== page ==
The nifty part here is that while the tool can’t write the documentation for you, Swimm will automatically update any code examples in the documentation for you — or alert you when there is a major change that needs a manual update. Ideally, this will reduce the drift between the codebase and documentation.

Image Credits: Swimm

The founding team members — Oren Toledano (CEO), Omer Rosenbaum (CTO), Gilad Navot (chief product officer) and Tom Ahi Dror (chief business officer) — started working on this problem based on their experience while running Israel Tech Challenge, a coding bootcamp inspired by the training program used by the Israeli Defence Forces’ 8200 Intelligence Unit.

“We met with many companies in Israel and in the U.S. to understand the engineering onboarding process,” Toledano told me. “And we felt that it was kind of broken — and many times, we heard the sentence: ‘we throw them to the water, and they either sink or swim.’ ” (That’s also why the company is called Swimm). Companies, he argues, often don’t have a way to train new employees on their code base, simply because it’s impossible for them to do so effectively without good documentation.

“The larger the company is, the more scattered the knowledge on the code base is — and a lot of this knowledge leaves the company when developers leave,” he noted.

With Swimm, a company could ideally not just offer those new hires access to tutorials that are based on the current code base, but also an easier entryway to start working on the production codebase as well.

Image Credits: Swimm

One thing that’s worth noting here is that developers run Swimm locally on a developer’s machine. In part, that’s because this approach reduces the security risks since no code is ever sent to Swimm’s servers. Indeed, the Swimm team tells me that some of its early customers are security companies. It also makes it easier for new users to get started with Swimm.

Toledano tells me that while the team mostly focused on building the core of the product and working with its early design partners (and its first set of paying customers), the plan for the next few months is to bring on more users after launching the product’s beta.

“Software development is now at the core of every modern business. Swimm provides a structured, contextual and transparent way to improve developer productivity,” said Yair Cassuto, a partner at Pitango First who is joining Swimm‘s board. “Swimm’s solution allows for rapid and insightful onboarding on any codebase. This applies across the developer life cycle: from onboarding to project transitions, adopting new open source capabilities and even offboarding.”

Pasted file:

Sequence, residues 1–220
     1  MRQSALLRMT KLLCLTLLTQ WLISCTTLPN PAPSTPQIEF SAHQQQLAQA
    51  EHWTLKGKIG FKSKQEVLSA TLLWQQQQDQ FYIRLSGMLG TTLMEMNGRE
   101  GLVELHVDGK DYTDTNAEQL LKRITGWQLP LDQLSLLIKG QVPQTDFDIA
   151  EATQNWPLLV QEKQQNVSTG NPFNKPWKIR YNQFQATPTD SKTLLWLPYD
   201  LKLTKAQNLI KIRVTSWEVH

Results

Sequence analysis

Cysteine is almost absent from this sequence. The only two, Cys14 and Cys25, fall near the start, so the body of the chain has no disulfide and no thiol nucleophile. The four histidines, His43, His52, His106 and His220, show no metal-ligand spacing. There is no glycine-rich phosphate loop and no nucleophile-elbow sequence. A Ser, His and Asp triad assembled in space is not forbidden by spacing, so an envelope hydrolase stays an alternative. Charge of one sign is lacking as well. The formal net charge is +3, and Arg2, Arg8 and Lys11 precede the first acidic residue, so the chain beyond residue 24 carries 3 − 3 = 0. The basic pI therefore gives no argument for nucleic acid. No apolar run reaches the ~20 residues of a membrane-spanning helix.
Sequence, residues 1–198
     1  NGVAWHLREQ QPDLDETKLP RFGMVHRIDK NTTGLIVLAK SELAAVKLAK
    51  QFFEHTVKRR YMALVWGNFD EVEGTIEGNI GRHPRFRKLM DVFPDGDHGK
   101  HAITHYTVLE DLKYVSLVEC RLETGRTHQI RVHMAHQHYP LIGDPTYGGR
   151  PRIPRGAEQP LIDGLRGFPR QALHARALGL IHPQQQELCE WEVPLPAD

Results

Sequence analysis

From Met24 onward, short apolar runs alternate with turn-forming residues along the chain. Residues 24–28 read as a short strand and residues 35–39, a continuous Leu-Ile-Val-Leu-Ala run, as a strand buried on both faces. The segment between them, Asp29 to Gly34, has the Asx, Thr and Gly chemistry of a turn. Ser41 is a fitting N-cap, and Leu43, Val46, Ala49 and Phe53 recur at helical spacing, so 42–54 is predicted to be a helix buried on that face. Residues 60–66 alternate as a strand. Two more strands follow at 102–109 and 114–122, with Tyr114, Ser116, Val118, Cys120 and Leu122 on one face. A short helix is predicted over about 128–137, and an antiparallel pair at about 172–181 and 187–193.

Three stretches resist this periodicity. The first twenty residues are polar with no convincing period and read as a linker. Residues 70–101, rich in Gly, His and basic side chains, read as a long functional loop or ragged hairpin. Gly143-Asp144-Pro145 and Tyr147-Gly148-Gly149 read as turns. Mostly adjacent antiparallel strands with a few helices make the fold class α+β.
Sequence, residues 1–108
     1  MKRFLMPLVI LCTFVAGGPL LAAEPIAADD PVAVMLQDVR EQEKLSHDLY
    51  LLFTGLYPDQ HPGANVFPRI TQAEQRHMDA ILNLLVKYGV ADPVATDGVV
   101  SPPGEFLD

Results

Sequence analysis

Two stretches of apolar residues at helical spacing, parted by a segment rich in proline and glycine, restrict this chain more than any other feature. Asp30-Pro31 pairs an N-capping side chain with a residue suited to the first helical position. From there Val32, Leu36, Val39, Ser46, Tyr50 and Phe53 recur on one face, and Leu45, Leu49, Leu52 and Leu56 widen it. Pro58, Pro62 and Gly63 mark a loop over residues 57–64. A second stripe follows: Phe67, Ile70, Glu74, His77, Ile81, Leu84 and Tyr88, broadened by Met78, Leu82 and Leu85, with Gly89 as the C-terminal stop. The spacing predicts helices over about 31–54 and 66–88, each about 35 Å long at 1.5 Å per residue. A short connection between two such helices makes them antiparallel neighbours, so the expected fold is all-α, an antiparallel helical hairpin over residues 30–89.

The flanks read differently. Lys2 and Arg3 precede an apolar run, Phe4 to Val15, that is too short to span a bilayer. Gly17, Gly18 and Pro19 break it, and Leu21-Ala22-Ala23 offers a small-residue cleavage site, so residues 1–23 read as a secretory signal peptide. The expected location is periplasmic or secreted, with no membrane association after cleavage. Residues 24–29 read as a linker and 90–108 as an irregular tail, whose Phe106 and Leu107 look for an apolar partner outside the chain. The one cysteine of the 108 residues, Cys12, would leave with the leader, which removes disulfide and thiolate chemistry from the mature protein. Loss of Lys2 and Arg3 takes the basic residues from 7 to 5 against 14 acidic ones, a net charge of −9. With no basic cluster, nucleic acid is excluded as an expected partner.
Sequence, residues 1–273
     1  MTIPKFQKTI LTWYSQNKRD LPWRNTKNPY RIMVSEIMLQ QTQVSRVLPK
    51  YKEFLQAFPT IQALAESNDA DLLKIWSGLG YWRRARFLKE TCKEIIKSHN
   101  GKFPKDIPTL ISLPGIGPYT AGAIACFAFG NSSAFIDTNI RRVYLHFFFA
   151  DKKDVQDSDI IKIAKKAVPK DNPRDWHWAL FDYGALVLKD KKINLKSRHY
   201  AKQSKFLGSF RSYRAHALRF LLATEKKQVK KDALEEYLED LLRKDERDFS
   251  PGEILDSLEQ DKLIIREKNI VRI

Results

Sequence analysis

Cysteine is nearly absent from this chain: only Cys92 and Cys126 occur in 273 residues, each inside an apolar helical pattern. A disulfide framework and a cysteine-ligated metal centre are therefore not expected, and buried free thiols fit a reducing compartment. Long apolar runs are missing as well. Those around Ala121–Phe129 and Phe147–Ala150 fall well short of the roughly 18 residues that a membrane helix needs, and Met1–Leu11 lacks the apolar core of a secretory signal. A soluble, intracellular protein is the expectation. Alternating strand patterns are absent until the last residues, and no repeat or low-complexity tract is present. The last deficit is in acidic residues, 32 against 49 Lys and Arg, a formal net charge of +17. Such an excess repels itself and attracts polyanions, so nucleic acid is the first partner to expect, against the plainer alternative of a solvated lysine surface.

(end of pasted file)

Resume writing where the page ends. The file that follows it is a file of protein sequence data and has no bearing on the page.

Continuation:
Drata raises $3.2M for its compliance audit platform

Drata, a startup that helps businesses get their SOC 2 compliance, today announced that it has raised a $3.2 million seed round led by Cowboy Ventures and that it is coming out of stealth. Other investors include Leaders Fund, SV Angel and a group of angel investors.

Like similar services, Drata helps businesses automate a lot of the evidence collection as they prepare for a SOC 2 audit. The focus of the service is obviously on running tests against the SOC 2 framework to help businesses prepare for their audit (and to prepare the right materials for the auditor). To do so, it features integrations with a lot of standard online business tools and cloud services to regularly pull in data. One nifty feature is that it also lets you step through all of the various sections of the SOC 2 criteria to check your current readiness for an audit.

At the end of the day, tools like Drata are meant to get you through an audit, but at the same time, the idea here is also to give you a better idea of your own security posture. For that, Drata offers continuous control monitoring, as well as tools to track if your employees have turned on all the right controls on their work computers, for example. Since companies have to regularly renew their certification, too, Drata can help them to continuously collect all of the data for their renewal, something that previously often involved boring — and quickly forgotten — manual tasks like taking screenshots of various settings every month or so.

Image Credits: Drata

Drata co-founder and CEO Adam Markowitz worked on the space shuttle engines after graduating from college and then launched his own startup, Portfolium, after that program ended. Portfolium, which helped students showcase their work in the form of — you guessed it — a portfolio, eventually sold to Instructure in 2019, where Markowitz stayed on until he launched Drata last June, together with a group of former Portfolium founders and engineers. Besides Markowitz, the co-founders include CTO Daniel Marashlian and CRO Troy Markowitz. It was the team’s experience seeing companies go through the audit process, which has traditionally been a drawn-out and manual process, that led them to look at building their own solution.